President Joe Biden’s stimulus package proposed to Congress includes $130 billion for school districts, which teachers unions say is necessary to pay for safety measures like better ventilation and hiring more cleaning crew.
As of now, teachers are eligible for vaccines in about half the states. The American Federation of Teachers has documented about 530 teacher deaths from Covid-19 through the end of December. Meanwhile, only a handful of states currently have orders either requiring schools be at least partially open. Most states have left these decisions up to individual districts.
Democrats and union leaders say they are unconcerned with the GOP strategy, noting widespread vaccination should allow schools to almost completely reopen before any major elections.
They point to a string of recent polls that show support for teachers unions has, if anything, grown slightly during the pandemic. Many Republicans, they add, are publicly opposed to Biden’s stimulus plan, which they say would accelerate school openings.
“The fact of the matter is this pandemic happened on their watch. It’s this bad because of their incompetence,” said Kelly Dietrich, the executive director of the National Democratic Training Committee, which prepares candidates to run for office.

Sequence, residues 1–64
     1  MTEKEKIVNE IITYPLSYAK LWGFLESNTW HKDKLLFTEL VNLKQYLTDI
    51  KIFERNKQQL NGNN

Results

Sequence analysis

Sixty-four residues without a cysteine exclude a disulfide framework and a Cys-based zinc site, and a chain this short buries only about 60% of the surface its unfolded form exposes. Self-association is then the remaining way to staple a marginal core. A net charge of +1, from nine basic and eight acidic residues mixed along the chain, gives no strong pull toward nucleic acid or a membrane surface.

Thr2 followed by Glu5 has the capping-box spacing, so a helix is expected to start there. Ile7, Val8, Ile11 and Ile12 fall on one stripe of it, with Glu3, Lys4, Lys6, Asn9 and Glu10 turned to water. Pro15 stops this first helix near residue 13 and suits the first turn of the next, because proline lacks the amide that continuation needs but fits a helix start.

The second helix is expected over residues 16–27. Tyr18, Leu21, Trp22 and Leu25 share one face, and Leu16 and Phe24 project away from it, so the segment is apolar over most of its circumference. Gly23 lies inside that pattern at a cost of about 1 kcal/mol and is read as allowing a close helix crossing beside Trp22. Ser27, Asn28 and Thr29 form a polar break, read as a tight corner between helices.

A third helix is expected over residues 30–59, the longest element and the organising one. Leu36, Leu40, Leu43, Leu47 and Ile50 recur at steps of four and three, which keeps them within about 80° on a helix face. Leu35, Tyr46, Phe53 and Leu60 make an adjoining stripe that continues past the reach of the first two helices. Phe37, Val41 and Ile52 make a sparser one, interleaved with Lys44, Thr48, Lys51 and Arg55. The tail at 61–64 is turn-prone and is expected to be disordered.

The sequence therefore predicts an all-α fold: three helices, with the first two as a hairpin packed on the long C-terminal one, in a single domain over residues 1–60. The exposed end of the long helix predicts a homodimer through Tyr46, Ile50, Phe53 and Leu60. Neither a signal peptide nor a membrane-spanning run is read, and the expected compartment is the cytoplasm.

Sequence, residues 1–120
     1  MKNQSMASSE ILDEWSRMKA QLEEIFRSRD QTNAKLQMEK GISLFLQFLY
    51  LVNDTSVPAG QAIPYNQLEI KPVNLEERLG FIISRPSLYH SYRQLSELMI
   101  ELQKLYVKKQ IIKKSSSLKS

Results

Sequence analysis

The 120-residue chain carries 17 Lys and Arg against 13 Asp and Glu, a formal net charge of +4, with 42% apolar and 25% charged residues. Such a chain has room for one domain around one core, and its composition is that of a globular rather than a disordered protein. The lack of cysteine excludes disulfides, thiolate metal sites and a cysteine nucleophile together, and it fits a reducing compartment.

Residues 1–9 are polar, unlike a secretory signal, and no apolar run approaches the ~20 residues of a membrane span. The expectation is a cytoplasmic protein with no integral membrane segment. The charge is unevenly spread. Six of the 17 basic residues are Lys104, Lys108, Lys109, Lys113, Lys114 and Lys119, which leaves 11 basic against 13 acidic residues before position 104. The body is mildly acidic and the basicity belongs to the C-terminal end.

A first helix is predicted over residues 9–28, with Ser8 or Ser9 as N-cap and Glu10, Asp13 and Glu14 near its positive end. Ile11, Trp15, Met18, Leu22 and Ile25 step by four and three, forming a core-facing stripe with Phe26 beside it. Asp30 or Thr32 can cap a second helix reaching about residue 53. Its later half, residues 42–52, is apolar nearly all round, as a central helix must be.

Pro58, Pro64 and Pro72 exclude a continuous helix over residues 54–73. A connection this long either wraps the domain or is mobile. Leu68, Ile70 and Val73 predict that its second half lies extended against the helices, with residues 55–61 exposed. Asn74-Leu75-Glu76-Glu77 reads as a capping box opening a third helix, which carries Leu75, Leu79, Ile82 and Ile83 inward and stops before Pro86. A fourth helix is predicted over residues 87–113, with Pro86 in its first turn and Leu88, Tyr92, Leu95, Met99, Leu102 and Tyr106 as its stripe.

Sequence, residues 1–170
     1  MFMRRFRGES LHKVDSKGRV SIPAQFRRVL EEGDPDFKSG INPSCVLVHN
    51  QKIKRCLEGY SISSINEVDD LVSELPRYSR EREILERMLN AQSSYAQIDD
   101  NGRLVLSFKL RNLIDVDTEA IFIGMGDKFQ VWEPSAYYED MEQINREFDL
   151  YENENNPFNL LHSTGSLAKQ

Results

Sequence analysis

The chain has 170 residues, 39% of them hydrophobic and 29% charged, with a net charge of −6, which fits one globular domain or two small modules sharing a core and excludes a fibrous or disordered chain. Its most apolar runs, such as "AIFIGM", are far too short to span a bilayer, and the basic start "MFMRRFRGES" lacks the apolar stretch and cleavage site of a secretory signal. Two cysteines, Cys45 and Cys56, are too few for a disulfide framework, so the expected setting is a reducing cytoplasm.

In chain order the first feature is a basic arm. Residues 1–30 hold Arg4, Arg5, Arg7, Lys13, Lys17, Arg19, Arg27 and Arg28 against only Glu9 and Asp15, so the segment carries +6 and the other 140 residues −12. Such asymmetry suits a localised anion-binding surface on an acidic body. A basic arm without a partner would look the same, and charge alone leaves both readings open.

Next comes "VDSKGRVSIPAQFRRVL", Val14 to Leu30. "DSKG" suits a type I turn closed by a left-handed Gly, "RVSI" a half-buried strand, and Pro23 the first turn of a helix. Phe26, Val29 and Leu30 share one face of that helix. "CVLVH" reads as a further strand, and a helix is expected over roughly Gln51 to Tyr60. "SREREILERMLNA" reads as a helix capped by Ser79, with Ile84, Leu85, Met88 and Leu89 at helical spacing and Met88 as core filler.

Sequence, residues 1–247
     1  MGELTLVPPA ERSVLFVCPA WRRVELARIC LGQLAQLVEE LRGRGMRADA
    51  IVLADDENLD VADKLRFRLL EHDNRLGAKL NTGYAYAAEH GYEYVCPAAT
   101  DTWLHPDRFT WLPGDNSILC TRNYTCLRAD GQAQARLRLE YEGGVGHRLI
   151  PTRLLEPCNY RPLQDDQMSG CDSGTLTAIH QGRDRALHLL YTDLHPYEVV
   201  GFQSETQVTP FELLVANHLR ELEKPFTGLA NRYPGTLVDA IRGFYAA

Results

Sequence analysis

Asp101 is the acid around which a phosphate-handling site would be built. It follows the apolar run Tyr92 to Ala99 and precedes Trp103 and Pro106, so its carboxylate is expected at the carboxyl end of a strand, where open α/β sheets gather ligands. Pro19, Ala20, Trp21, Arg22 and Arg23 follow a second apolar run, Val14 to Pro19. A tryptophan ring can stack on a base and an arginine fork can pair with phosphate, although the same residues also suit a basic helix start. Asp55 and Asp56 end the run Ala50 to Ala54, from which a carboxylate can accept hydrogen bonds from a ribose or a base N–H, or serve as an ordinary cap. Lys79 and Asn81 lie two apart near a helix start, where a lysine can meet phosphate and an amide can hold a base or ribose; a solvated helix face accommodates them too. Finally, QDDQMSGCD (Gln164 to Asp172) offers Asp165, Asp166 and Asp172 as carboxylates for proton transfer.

The first real test will come in November, when Virginians elect a new governor.
N2 America, a center-right nonprofit focused on the suburbs, found that opening schools is a top issue with suburban voters in Virginia. Its research found that “approximately two-thirds of these suburban parents think remote online learning is worse” than in-person schooling and that it will lead “to a multitude of serious negative long-term effects.”
Democratic Gov. Ralph Northam, who is not running for re-election, has called for some in-person learning to resume next month, but officials in Richmond have said they’re not ready and the Democrats running to replace Northam have mostly sided with unions in calling for every teacher to be vaccinated first.
“I think Virginia is the beginning of the nationwide earthquake on this issue,” he said.
“I’m not doing conservative red meat on this,” he added. “This is just common sense.”